As part of his PhD research for UMass Amherst, Matthew MacWilliams surveyed the psychological characteristics of authoritarians -- not the people who lead authoritarian movements, but the followers, those who defer to them.
His work echoed the independent research of Vanderbilt's Marc Hetherington and UNC's Jonathan Weiler, whose 2009 book Authoritarianism and Polarization in American Politics concluded that a sizable fraction of the US voting public were authoritarian: people who wanted to be controlled, and wanted their neighbors to be controlled, because they were afraid the status quo was slipping away and they didn't believe that anything better would replace it.
They all posit that there are really three American parties, not two: the Democrats, the Republicans, and the authoritarian Republicans, who aren't conservatives in the sense of wanting tax cuts for the rich or caring about specific religious or moral questions. Rather, they want strong leaders who'll fight change, preserve hierarchies, and talk tough.
Vox's Amanda Taub recounts the long struggle to understand authoritarianism, something social scientists have struggled with since the rise of fascism in the mid-twentieth. She describes many authoritarians as latent, waiting to be "activated" by threats -- demographic and economic shifts, messages of fear and terror.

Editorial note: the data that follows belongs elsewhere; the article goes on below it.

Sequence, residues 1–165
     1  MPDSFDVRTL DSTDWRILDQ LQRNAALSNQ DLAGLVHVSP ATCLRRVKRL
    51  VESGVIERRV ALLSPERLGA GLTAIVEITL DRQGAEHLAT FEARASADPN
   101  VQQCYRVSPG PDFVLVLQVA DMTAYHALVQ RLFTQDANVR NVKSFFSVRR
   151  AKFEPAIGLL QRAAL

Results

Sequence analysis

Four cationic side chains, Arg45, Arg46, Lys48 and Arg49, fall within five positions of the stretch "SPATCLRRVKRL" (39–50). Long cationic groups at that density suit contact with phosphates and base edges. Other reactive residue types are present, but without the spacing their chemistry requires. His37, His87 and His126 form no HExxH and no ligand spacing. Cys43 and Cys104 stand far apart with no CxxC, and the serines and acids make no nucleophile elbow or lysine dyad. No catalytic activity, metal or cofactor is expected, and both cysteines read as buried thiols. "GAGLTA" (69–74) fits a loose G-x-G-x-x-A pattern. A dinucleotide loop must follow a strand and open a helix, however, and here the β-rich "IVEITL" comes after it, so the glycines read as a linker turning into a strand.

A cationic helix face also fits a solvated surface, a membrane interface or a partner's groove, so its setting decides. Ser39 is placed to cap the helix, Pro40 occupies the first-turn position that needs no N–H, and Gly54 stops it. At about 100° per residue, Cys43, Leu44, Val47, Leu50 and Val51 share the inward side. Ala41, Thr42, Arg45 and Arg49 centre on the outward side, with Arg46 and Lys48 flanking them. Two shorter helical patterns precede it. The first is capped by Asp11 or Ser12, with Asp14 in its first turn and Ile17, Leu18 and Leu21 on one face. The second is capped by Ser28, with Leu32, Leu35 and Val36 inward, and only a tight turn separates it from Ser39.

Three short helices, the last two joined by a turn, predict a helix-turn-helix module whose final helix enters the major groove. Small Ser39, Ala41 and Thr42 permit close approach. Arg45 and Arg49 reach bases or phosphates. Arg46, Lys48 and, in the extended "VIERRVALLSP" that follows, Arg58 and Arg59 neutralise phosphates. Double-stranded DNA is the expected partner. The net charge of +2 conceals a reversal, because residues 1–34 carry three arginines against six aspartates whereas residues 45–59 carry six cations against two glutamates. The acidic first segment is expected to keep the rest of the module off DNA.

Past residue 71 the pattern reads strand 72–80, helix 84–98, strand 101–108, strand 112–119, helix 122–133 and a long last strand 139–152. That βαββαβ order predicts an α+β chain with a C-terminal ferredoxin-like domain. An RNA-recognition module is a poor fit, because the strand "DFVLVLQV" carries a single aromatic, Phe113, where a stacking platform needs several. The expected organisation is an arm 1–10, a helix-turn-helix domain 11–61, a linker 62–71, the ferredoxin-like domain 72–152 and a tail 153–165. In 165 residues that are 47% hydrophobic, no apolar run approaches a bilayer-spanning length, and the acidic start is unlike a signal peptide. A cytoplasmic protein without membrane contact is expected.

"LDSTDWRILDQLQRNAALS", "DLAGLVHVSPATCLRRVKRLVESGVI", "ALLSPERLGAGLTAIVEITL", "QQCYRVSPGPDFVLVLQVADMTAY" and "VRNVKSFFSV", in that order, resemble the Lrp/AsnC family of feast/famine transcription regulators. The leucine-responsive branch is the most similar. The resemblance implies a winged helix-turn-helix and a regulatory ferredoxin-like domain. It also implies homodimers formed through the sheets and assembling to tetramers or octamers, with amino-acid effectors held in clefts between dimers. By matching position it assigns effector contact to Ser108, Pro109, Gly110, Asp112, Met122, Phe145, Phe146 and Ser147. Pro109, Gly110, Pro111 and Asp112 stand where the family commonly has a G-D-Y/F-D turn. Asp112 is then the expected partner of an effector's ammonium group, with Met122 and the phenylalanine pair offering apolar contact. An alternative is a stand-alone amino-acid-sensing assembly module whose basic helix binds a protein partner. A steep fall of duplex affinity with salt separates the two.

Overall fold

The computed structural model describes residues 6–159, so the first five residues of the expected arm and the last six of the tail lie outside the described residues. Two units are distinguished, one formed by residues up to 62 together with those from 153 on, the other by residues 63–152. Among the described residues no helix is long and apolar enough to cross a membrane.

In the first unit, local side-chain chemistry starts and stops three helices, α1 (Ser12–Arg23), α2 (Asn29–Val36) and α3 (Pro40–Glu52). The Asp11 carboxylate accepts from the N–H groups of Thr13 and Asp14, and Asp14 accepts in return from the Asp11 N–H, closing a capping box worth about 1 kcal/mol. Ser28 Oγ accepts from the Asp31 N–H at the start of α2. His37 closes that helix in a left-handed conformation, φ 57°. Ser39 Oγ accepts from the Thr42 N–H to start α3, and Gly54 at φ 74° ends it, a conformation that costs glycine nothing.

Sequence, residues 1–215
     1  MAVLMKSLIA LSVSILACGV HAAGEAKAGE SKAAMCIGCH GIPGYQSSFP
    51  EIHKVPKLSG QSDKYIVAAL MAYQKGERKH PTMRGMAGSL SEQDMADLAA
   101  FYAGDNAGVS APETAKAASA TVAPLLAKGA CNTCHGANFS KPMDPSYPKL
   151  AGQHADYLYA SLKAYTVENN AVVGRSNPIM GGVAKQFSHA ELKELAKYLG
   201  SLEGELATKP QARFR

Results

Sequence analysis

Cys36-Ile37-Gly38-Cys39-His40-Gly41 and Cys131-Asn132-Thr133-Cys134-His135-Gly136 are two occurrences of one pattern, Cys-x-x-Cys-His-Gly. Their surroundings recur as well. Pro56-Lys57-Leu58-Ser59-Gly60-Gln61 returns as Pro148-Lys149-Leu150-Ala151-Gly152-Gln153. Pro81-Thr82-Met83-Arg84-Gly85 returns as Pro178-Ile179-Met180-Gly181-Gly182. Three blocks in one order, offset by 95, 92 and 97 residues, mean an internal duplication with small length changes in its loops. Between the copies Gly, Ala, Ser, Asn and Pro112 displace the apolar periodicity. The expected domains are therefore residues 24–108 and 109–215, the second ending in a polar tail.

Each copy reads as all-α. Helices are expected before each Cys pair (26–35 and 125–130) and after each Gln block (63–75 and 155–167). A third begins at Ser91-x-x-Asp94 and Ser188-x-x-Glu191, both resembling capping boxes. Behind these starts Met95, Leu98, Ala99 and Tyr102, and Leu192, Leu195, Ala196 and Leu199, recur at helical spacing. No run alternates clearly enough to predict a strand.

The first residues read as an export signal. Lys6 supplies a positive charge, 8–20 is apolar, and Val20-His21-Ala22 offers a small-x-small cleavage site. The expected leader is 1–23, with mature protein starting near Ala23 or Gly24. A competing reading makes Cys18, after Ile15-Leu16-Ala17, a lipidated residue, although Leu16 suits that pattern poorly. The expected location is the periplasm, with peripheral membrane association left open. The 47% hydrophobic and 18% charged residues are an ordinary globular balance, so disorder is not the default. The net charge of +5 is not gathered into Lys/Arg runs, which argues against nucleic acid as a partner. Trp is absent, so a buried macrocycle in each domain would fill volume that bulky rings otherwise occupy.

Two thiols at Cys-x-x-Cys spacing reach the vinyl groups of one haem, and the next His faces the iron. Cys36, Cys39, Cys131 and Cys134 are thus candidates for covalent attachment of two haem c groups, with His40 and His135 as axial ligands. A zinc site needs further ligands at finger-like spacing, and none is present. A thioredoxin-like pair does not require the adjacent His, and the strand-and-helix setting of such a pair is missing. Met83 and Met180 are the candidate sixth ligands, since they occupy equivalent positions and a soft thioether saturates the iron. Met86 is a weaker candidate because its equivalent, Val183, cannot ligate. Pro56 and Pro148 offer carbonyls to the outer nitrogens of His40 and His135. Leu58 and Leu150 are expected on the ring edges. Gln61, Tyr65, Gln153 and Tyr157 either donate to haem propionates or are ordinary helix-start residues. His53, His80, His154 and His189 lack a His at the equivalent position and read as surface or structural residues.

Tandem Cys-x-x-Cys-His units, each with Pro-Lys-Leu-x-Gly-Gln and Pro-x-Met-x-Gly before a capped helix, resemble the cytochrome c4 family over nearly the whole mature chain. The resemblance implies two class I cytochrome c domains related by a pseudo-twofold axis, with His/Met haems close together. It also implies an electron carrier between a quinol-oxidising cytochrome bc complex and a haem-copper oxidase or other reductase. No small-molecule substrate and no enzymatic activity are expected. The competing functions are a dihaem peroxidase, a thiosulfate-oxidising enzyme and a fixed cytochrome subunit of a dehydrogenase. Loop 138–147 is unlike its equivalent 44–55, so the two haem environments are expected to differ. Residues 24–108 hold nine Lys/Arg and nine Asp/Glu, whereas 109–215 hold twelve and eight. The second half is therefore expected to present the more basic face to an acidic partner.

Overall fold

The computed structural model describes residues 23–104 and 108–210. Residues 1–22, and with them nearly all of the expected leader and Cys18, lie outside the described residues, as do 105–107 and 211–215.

Vox did its own polling and research to complement the earlier experiments on authoritarianism, concluding that Trump is merely the "symptom": "The rise of American authoritarianism is transforming the Republican Party and the dynamics of national politics, with profound consequences likely to extend well beyond this election."
Back in 2009, I wrote about Bob Altemeyer's "The Authoritarians", a free/open text that summarizes 30 years of research into the authoritarian mindset. I recommend reading it now.
But both schools of thought agree on the basic causality of authoritarianism. People do not support extreme policies and strongman leaders just out of an affirmative desire for authoritarianism, but rather as a response to experiencing certain kinds of threats.
The third insight came from Hetherington and American University professor Elizabeth Suhay, who found that when non-authoritarians feel sufficiently scared, they also start to behave, politically, like authoritarians.
But Hetherington and Suhay found a distinction between physical threats such as terrorism, which could lead non-authoritarians to behave like authoritarians, and more abstract social threats, such as eroding social norms or demographic changes, which do not have that effect. That distinction would turn out to be important, but it also meant that in times when many Americans perceived imminent physical threats, the population of authoritarians could seem to swell rapidly.
Together, those three insights added up to one terrifying theory: that if social change and physical threats coincided at the same time, it could awaken a potentially enormous population of American authoritarians, who would demand a strongman leader and the extreme policies necessary, in their view, to meet the rising threats.
The rise of American authoritarianism [Amanda Taub/Vox]